“When it comes time to cook our meals, we use a Camp Chef Everest 2X dual burner propane stove. To use the stove, we set it up on a fold-out table on the back of our tire swing-out. After cooking, we put the stove back in its home under the fridge. The main downside of this current setup is we have to use it outside of the Cruiser. Cooking outside is typically a non-issue unless we come across some bad weather or too many mosquitoes.

If we need to cook inside, we use our backup stove, a Jetboil Flash, but we mainly use this to boil water for coffee and heat soup. Our pots and pans are a stainless steel Stanley cookware set that includes four plastic plates, bowls, cutlery, and cooking utensils; it stacks all into the pot, which is a huge win for saving space. Cookware and the Jetboil can be found in the smaller bottom drawer under the counter. All of our kitchen utensils and cutlery are stored in the top left drawer.


When it’s time to wash dishes, we use a collapsible sink that we store in the top flap of our Trasheroo. This setup works for us as it allows the use of the interior space while food is being cooked off the back kitchen setup. We use the Trasheroo, [which is] attached to the spare tire, to store garbage.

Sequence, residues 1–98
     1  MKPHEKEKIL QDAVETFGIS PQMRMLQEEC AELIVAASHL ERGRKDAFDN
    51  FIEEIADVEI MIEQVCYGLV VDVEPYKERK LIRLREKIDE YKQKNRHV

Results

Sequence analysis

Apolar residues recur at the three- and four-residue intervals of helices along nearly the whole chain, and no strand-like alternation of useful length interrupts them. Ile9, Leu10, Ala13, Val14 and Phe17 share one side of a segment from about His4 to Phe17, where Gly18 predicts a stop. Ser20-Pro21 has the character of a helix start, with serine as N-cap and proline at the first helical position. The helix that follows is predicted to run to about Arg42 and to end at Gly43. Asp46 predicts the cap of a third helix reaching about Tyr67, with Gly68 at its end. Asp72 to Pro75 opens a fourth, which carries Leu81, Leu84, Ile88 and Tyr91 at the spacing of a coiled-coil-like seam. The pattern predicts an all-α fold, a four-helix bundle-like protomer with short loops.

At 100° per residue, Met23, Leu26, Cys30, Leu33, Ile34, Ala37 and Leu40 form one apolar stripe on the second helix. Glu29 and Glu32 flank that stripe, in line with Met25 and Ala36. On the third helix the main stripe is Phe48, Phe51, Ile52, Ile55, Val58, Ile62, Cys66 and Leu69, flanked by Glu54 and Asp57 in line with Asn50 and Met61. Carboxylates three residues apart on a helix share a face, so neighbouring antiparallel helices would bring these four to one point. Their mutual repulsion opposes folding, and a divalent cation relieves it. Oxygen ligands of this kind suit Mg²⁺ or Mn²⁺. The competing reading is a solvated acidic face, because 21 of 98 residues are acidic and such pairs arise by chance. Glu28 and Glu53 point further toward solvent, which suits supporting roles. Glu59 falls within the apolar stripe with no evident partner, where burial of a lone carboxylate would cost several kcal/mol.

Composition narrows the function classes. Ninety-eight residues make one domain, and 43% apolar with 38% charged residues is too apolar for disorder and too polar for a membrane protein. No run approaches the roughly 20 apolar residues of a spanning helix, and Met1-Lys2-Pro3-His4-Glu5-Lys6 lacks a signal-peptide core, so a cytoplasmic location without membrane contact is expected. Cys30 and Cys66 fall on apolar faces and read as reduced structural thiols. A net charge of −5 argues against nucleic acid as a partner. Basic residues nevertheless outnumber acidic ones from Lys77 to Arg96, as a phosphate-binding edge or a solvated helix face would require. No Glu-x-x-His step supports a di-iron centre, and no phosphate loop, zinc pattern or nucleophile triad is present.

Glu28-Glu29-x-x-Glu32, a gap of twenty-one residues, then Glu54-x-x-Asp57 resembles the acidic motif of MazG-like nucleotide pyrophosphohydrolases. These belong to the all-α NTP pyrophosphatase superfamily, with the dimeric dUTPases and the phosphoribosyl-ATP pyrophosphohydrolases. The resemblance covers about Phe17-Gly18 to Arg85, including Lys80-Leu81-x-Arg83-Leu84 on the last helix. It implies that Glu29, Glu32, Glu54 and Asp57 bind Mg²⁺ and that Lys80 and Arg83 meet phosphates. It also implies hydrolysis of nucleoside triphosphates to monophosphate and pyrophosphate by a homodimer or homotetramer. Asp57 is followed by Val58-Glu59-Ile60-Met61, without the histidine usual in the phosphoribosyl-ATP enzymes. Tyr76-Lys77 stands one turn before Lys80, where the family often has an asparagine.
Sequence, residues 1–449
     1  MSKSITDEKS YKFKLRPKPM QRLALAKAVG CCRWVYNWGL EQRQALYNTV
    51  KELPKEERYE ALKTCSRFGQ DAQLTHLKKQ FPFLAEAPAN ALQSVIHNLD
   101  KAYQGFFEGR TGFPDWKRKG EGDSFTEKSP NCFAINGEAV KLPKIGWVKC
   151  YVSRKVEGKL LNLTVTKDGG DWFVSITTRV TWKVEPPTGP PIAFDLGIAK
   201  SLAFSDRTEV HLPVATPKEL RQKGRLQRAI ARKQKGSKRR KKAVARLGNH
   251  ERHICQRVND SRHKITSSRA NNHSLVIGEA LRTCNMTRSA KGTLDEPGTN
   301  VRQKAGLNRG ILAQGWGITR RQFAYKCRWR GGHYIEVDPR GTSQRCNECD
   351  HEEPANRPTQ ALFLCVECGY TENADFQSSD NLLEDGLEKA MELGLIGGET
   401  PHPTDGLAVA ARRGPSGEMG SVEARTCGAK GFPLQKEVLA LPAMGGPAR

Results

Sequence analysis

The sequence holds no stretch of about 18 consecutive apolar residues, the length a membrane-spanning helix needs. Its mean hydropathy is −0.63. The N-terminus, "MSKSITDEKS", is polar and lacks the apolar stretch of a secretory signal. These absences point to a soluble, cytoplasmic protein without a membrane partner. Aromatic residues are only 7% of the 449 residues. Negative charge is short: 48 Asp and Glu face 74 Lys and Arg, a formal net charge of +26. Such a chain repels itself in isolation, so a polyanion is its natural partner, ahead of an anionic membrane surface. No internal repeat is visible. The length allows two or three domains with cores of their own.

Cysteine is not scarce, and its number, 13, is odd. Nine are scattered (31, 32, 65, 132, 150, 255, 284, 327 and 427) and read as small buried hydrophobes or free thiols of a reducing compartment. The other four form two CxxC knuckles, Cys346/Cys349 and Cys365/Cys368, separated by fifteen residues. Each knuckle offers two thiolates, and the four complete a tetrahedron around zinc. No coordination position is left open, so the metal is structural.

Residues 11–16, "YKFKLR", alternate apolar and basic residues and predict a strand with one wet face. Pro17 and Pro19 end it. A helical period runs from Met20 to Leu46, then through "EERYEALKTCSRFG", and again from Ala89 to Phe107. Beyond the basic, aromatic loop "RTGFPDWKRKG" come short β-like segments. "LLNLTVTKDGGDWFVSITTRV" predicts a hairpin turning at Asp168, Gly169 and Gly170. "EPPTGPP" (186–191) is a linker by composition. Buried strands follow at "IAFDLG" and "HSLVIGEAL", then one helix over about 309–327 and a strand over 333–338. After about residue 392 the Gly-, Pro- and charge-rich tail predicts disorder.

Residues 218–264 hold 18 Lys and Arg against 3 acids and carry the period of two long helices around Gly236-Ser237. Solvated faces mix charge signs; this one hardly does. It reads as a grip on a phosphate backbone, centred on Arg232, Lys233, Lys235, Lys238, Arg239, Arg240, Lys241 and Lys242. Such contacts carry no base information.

We carry 40 litres of water with us in jerry cans. One is a LifeSaver jerry that can filter our water when needed, while the other is a simple Scepter with a spout added to the bottom so that we can easily access water. Our water jerry cans are stored on the left swing-out of the rear bumper.

All of our dry goods are stored in the larger bottom drawer. In the drawer you’ll find airtight containers for our dry goods like rice, noodles and oats. You’ll find spices in our top right drawer stored in magnetic jars.